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  1. #31
    Senior Member KDude's Avatar
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    Quote Originally Posted by Mane View Post
    same with intuition - some would get a vague notion of the pattern and run witth the possibilities but miss the underlining meaning and princples (extreme Ne), others would grasp a very deep meaning and underlining patterns within patterns but won't recognize that they have missed other possibilities (extreme Ni), and some would be somewhere in the middle.
    When you say principles, it could be Ti. That would be the natural "mental doorstop" for Ne/Se. Not Ni or Si.

  2. #32
    Senior Member Santosha's Avatar
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    Quote Originally Posted by highlander View Post

    So yeah, I don't think we use the shadow functions very much at all if we're operating in a healthy state.

    If we do use them, I think the lower down the stack you go, the more difficult it is to access them or it's increasingly disfunctional to use them.
    This is interesting to consider. My interpretation of the shadow is the opposite.. that by denying the shadow one remains more closely attached to ego and farther removed from their whole.

    "New Paths in Psychology" (1912). In CW 7: Two Essays on Analytical Psychology. P.425

    If you imagine someone who is brave enough to withdraw all his projections, then you get an individual who is conscious of a pretty thick shadow. Such a man has saddled himself with new problems and conflicts. He has become a serious problem to himself, as he is now unable to say that they do this or that, they are wrong, and they must be fought against. He lives in the "House of the Gathering." Such a man knows that whatever is wrong in the world is in himself, and if he only learns to deal with his own shadow he has done something real for the world. He has succeeded in shouldering at least an infinitesimal part of the gigantic, unsolved social problems of our day.

    "Jung saw shadow as the face of the unconscious as a whole, mainly because the shadow is the first aspect of the unconscious we ever experience. It can have a child-like aspect to it, mainly because the unconscious characteristics, having never or seldom seen the conscious light of day, have never had the opportunity to be civilised and integrated into personality. But the shadow also contains the potential for strengthening and developing us. We must remember that it contains not only our denied weaknesses, but also our hidden strengths. While these may at first appear dark and forbidding, they may provide us with new ways of living, with a flexibility and resilience that our former virtuous but rigid life patterns failed to provide."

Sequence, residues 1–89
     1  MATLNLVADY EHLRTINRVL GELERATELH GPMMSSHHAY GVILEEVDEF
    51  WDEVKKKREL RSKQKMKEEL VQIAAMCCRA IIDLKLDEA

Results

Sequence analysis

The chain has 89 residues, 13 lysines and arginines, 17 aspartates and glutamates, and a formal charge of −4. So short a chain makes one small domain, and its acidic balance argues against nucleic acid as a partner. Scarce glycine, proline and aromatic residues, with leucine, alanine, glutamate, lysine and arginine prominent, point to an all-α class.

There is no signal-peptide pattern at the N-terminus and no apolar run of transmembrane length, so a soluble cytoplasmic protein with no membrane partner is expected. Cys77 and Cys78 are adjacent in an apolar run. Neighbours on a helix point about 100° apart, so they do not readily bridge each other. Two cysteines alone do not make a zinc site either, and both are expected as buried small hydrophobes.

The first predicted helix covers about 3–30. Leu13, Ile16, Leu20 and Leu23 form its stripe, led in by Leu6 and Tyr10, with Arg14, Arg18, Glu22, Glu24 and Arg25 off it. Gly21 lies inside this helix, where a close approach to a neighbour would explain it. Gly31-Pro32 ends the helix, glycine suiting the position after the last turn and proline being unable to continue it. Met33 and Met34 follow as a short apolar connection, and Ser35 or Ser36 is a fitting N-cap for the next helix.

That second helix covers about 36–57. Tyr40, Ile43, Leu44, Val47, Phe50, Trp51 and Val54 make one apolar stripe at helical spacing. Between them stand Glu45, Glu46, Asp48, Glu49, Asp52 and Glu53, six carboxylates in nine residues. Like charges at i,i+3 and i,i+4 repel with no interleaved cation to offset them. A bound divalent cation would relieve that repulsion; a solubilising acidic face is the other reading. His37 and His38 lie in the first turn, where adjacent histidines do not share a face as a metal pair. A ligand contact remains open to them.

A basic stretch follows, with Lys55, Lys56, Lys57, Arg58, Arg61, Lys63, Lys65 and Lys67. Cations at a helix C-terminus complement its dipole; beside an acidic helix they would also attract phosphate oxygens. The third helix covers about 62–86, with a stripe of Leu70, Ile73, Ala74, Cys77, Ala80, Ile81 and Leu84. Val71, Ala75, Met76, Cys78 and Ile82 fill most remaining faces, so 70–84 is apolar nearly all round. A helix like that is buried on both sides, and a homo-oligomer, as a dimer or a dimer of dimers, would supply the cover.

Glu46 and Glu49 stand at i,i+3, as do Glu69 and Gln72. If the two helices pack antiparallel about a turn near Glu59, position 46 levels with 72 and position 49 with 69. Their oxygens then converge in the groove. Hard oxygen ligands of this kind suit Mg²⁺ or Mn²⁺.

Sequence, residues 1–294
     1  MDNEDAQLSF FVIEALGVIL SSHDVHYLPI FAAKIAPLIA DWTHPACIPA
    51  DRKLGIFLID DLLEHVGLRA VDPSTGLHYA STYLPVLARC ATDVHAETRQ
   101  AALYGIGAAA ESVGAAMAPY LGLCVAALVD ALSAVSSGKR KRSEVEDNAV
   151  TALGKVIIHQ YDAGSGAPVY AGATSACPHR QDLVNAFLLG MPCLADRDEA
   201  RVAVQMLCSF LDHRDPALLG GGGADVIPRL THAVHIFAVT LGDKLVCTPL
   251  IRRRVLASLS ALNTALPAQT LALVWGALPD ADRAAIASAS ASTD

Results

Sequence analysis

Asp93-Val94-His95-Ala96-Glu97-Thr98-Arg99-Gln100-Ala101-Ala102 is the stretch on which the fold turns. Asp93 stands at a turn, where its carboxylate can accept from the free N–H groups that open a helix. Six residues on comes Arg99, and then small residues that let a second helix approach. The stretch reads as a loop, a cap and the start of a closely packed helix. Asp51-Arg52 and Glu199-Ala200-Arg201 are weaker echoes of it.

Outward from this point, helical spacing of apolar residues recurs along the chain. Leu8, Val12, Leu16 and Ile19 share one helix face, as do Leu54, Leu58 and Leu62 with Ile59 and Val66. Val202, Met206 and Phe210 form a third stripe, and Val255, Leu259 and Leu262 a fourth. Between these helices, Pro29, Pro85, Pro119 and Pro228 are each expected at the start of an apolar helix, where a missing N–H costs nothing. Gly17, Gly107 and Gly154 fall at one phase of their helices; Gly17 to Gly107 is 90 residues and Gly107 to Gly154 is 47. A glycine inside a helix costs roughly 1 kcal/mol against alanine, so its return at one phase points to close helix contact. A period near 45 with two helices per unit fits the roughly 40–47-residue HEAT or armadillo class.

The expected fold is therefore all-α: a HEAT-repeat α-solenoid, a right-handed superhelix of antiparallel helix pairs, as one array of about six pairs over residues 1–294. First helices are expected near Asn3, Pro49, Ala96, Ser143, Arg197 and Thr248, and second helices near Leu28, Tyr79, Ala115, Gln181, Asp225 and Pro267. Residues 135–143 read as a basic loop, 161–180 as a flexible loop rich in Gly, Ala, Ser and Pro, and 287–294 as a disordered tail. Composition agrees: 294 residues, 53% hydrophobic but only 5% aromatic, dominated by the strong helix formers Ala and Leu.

Man suffers only because he takes seriously what the gods made for fun - Watts

  3. #33
    Administrator highlander's Avatar
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    Quote Originally Posted by Huxley3112 View Post
    This is interesting to consider. My interpretation of the shadow is the opposite.. that by denying the shadow one remains more closely attached to ego and farther removed from their whole.

    "New Paths in Psychology" (1912). In CW 7: Two Essays on Analytical Psychology. P.425

    If you imagine someone who is brave enough to withdraw all his projections, then you get an individual who is conscious of a pretty thick shadow. Such a man has saddled himself with new problems and conflicts. He has become a serious problem to himself, as he is now unable to say that they do this or that, they are wrong, and they must be fought against. He lives in the "House of the Gathering." Such a man knows that whatever is wrong in the world is in himself, and if he only learns to deal with his own shadow he has done something real for the world. He has succeeded in shouldering at least an infinitesimal part of the gigantic, unsolved social problems of our day.